Brachypelma vagans (Red-rump Tarantula)
Brachypelma vagans (Red Rump tarantula) is more commonly known as the Mexican Red Rump Tarantula. Their name is derived from the reddish coloring on the back of the abdomen and legs (Edwards and Hibbard 1999). Tarantulas are often thought to have a poisonous bite; however, B. vagans defends itself through bristle-like hairs found on their abdomen and legs which when touched can be extremely painful (Edwards and Hibbard 1999). B. vagans is generally found around the region of Central America, specifically Mexico and Costa Rica. (Locht et al. 1999). This type of tarantula species is frequently seen as a household pet, and have come close to endangerment due to the pet trade (Locht et al. 1999).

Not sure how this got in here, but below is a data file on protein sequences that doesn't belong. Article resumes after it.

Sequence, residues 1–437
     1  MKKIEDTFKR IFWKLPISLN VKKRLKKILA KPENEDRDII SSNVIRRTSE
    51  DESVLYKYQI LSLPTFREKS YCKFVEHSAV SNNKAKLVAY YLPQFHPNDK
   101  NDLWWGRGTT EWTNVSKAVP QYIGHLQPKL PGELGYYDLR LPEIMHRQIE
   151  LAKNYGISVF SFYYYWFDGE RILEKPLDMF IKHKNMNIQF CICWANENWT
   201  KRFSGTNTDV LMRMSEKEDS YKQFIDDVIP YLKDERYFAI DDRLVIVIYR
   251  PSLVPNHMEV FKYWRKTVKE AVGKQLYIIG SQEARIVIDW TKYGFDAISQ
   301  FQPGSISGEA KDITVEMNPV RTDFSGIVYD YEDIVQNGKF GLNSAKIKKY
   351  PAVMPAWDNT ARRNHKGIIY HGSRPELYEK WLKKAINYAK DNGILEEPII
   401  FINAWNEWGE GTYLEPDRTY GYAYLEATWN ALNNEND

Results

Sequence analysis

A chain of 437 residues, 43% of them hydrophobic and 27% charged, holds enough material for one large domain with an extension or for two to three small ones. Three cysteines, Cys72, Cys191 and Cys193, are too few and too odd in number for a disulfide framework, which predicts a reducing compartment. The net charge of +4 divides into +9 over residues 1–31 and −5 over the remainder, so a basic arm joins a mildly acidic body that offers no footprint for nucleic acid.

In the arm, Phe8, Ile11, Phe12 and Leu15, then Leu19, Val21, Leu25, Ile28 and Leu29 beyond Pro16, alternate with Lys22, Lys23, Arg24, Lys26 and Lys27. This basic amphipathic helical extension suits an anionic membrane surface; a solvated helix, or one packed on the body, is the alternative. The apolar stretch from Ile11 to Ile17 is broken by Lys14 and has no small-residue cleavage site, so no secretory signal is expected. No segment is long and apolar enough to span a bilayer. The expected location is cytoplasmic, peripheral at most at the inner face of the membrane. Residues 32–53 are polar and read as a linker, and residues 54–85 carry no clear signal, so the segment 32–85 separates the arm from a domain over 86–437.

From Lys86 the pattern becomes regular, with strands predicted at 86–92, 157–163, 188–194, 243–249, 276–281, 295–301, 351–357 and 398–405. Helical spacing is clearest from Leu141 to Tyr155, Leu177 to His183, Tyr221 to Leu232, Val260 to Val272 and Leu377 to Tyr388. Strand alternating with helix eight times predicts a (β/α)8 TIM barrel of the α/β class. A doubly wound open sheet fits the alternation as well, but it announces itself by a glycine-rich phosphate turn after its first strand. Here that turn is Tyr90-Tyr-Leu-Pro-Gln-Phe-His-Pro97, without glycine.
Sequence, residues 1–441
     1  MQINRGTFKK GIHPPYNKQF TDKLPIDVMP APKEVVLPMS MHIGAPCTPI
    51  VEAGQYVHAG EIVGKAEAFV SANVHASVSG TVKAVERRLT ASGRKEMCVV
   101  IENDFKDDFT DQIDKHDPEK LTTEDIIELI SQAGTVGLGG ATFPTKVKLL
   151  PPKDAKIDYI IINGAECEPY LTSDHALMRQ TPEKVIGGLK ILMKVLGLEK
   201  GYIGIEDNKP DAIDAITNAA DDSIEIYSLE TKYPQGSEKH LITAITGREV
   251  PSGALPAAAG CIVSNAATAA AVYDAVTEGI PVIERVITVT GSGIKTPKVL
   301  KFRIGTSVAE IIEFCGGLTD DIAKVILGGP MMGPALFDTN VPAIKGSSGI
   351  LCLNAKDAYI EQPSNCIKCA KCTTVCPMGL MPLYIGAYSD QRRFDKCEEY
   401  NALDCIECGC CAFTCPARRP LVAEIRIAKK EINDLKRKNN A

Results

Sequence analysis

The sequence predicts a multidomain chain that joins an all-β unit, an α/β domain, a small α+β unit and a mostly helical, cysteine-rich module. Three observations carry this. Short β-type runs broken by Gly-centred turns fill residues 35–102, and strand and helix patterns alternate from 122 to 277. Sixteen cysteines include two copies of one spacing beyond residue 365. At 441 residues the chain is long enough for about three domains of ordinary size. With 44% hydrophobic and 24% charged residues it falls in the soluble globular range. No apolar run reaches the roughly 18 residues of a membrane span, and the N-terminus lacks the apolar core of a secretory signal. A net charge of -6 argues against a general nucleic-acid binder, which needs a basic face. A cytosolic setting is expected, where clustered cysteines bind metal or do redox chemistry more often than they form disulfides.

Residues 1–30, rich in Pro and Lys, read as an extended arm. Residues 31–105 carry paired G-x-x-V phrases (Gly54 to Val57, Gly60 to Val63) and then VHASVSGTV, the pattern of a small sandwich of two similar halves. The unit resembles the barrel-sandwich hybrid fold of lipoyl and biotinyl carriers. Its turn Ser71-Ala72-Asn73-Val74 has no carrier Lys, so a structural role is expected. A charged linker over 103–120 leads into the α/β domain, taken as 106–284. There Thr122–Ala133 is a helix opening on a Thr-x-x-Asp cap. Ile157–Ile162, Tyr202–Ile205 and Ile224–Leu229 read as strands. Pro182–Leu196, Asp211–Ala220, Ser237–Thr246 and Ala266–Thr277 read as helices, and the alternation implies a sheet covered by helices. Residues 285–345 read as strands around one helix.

Their body size can range from 5 to 7 cm, with the females being generally larger than the males (Moore 1994). They feed on smaller vertebrates and arthropods. These are burrowing animals, which spend most of the day in burrowed holes underground, and being nocturnal, they come out to hunt at night (Machkour et al. 2005). They are said to live up to 25 years in the wild, and even longer when kept domestically (Edwards and Hibbard 1999).
Females do not reach sexual maturity until they are 9 years old in the wild, but once sexually mature, they typically lay anywhere up to 300 eggs at one time, and the newborn spiders remain close to their mother for multiple weeks after the eggs have hatched (Machkour et al. 2005). These spiders typically stay in colonies of sorts (Moore 1994).
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